Canada faced a mammoth task in its bid for its first Olympic men’s soccer berth in nearly four decades — it needed to beat a Mexican powerhouse on their home soil, something no Canadian team has ever done.
Still, for 56 minutes, the dream looked within reach.
Then an unfortunate risky pass up the middle by goalie James Pantemis, who was outstanding throughout the tournament, led to a Mexican goal, putting Canada in a hole too deep to dig out of.
“I thought we had the tactics right, we were frustrating them, not really giving them the chances,” said Canadian coach Mauro Biello. “It’s unfortunate, we had to be perfect, you have to be perfect against a team like that.
“We lost to the best team in CONCACAF. And it was a fight.”
Uriel Antuna and Johan Vasquez scored to lift Mexico to a 2-0 victory over Canada in the do-or-die semifinals of the CONCACAF Men’s Olympic Qualifying Championship on Sunday.
Mexico, the Olympic gold medallists in 2012, clinched their 12th Olympic berth with the victory, while the Canadians, who haven’t played on the Olympic stage since 1984, must wait another three years.
Canada’s defence was excellent in keeping Mexico off the scoreboard before Mexico capitalized on Pantemis’s long pass up the middle to the foot of a Mexican player.
“For us to be in the game for that amount of time, and really managing them and frustrating them for a good period was very good,” Biello said. “And unfortunately, there was a an error that that cost us and changed a little bit the momentum.”
Antuna, a lethal striker who’s scored eight goals in 16 appearances for Mexico’s full national side, was open just inside the box and one-timed a pass past Pantemis.
“You can’t put anything on James, he’s been a rock the whole tournament,” said defender David Norman. “He kept us in the game against El Salvador, and he had four saves in the second half against Haiti that kept us in the game. So no, you can’t put anything on him.”
Mexico delivered more heartbreak in the 64th minute at Jalisco Stadium when Vasquez out-leapt Canadian defenders to get his head on a free kick.
“Disappointment, frustration,” said Norman, who normally plays midfield for Cavalry FC in the Canadian Premier League. “We had a game plan that the first half kind of went to script like we wanted it to. We had belief across the group, we really thought this was going to be the year we pushed Canada to the next level, and we had full belief that was gonna happen, so disappointed for sure.”
Canada came into the tournament, which was postponed a year due to COVID-19, 0-4-2 against Mexico at the under-23 level in Olympic qualifying since 1992. No Canadian men’s team has ever won a competitive match in Mexico.
The Canadians faced a steep climb in Guadalajara considering they were together for barely a week, Biello pointed out, and played four games in eight days while still in pre-season form.
“I give credit to a lot of those boys in that dressing room and they’re pretty disappointed right now,” Biello said.
Toronto FC’s recent COVID-19 outbreak threw a wrench into Biello’s team selection, as all nine player’s he’d had in his pool from the Major League Soccer team were unavailable.
The Mexicans outshot Canada 19-3, and 6-1 on target on Sunday.
Canada had an early chance scuttled when Tajon Buchanan was taken down just outside Mexico’s box. Buchanan raised his arms in frustration when no foul was called.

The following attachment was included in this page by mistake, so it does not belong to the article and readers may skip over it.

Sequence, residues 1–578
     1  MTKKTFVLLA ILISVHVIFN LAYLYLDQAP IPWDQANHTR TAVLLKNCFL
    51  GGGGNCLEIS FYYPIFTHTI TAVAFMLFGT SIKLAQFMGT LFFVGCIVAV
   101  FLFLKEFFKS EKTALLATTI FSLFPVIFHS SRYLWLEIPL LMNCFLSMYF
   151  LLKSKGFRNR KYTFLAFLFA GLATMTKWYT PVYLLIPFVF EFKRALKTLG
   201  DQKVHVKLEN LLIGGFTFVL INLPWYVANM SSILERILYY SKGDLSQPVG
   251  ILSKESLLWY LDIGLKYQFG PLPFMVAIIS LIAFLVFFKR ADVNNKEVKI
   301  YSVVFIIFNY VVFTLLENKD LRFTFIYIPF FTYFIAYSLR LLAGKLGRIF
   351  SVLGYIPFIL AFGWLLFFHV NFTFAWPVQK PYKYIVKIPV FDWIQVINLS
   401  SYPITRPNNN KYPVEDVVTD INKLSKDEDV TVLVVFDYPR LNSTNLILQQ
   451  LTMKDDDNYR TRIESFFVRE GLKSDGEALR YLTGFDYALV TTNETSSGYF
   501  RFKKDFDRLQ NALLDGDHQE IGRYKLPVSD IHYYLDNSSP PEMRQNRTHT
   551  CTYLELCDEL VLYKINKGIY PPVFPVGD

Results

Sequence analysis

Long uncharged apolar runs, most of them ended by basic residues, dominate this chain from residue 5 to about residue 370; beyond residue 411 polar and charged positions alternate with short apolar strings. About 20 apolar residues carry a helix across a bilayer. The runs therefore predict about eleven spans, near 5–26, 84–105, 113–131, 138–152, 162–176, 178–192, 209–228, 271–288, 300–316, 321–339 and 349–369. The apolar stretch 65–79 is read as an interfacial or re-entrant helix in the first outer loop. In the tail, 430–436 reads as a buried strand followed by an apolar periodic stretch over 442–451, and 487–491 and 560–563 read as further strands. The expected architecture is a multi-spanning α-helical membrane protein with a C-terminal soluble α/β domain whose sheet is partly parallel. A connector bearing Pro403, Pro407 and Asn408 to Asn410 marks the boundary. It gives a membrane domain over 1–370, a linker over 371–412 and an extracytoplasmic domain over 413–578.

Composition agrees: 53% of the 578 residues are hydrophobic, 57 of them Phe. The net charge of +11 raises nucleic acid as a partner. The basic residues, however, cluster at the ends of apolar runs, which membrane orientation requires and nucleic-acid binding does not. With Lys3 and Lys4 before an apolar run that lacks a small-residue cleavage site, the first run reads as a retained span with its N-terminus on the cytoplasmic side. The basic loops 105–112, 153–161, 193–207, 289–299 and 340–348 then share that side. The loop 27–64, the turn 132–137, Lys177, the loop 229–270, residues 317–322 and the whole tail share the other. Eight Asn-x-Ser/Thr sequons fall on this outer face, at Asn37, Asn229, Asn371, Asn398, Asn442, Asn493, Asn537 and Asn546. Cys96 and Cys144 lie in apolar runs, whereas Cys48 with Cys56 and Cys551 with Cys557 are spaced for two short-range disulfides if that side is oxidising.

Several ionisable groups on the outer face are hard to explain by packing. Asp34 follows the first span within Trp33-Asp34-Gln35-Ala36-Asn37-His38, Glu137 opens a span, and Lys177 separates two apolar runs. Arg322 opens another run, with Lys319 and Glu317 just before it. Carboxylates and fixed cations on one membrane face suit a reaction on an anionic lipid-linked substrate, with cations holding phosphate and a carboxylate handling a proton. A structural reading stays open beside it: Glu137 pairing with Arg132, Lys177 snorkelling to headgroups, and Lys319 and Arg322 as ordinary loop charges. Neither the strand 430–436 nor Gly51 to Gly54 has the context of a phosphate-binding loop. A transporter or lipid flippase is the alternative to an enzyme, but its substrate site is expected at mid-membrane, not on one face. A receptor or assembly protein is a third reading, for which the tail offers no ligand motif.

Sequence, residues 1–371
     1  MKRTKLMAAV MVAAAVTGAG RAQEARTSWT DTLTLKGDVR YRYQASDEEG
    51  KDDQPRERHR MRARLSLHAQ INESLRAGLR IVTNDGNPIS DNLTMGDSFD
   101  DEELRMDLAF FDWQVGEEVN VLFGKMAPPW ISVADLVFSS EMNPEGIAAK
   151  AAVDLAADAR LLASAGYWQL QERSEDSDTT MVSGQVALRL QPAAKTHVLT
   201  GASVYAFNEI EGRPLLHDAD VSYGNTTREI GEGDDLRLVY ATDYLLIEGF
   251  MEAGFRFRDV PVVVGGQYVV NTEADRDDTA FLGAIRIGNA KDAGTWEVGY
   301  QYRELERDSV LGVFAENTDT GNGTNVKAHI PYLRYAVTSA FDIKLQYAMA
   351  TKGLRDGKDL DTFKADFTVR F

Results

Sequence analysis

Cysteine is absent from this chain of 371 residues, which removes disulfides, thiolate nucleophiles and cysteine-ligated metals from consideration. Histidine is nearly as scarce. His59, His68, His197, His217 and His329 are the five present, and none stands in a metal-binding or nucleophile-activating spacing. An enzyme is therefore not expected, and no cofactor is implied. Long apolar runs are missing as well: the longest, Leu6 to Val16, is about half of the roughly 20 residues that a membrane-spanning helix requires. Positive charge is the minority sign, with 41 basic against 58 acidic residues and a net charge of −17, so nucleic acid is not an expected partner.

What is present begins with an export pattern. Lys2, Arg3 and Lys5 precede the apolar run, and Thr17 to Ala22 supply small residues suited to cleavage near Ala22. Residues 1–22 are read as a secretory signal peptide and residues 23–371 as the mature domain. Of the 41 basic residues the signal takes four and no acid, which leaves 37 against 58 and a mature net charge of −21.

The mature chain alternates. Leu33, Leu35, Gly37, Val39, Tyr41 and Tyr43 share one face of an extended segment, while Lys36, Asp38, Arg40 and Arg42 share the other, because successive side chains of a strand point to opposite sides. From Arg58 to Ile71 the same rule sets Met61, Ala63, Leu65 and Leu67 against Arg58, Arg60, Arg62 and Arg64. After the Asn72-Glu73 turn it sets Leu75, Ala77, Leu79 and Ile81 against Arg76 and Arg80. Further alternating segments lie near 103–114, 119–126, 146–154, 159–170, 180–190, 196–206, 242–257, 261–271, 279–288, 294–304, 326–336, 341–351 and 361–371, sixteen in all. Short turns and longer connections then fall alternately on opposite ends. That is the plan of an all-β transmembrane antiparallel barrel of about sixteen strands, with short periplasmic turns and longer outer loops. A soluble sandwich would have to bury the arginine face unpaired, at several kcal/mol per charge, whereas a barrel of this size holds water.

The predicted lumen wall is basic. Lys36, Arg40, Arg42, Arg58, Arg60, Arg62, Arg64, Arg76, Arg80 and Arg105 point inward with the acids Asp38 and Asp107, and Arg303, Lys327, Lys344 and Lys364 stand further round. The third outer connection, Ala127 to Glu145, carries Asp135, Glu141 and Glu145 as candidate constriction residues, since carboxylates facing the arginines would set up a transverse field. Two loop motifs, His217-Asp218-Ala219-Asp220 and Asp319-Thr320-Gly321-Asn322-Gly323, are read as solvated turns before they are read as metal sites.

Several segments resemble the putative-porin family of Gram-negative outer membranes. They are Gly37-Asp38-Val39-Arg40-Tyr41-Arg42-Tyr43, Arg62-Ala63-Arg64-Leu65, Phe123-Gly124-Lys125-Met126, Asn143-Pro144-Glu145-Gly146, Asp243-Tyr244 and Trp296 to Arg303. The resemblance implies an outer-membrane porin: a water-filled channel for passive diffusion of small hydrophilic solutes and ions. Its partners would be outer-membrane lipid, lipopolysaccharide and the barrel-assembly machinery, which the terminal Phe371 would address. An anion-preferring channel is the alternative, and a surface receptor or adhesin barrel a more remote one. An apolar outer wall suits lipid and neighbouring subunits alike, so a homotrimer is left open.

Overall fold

Mexico outshot Canada 7-2 in the first half, including three on target, their first chance coming from a header off a corner kick in the 19th minute that sailed just wide of the net.
There were some scary moments midway through the first half when Pantemis appeared to hurt his right shoulder when he dove to deflect a shot from Antuna. Pantemis, a 24-year-old who plays for MLS side CF Montreal, grimaced in pain on the pitch for a couple of minutes but stayed in the game.
He was forced into action less than a minute later, diving to smother another attack from Antuna.
The half ended in a shoving match that brought Mexico’s substitutes off the bench.
Biello said he takes away numerous positives from the game, and singled out Lucas Dias, who had to isolate for nine days for health and safety protocols before the tournament, and defenders Norman and Zorhan Bassong.
The 18-year-old Dias, who plays in Lisbon for Sporting CP’s U23 squad, made his first start for Canada Sunday, and displayed his skills early on, dribbling through three Mexicans in the midfield before being fouled. Dias replaced previous team captain Derek Cornelius, who twisted a knee against Honduras and surely had a tough night watching from the bench.
Biello said Canada’s showing in Mexico bodes well for the national program.
“For sure from a performance standpoint, you want to make it to the Olympics, but the end in mind in this program is to have an alignment from the men’s national team all the way down,” Biellos said. “And for me, it was to build a foundation with the group and graduate some of these players to move on to the men’s national team. (But) yes, we’re disappointed.”
Canada had finished second in Group B behind Honduras on goal difference after the teams played to a 1-1 draw on Thursday. Mexico went undefeated to win Group A.
Canada’s senior squad, meanwhile, watched the game from Bradenton, Fla., and sent a good luck message via video. The Canadians were slated to play the Cayman Islands on Sunday, but the game was delayed a day due to issues with pre-match COVID-19 tests taken by the Cayman Islands delegation, which did not meet FIFA requirements.
Canada’s women, the two-time reigning Olympic bronze medalists, have already clinched their Tokyo berth.
Mexico will play Honduras in the tournament final. The Americans will miss their third consecutive Olympics after a 2-1 loss to Honduras in the other semifinal Sunday.
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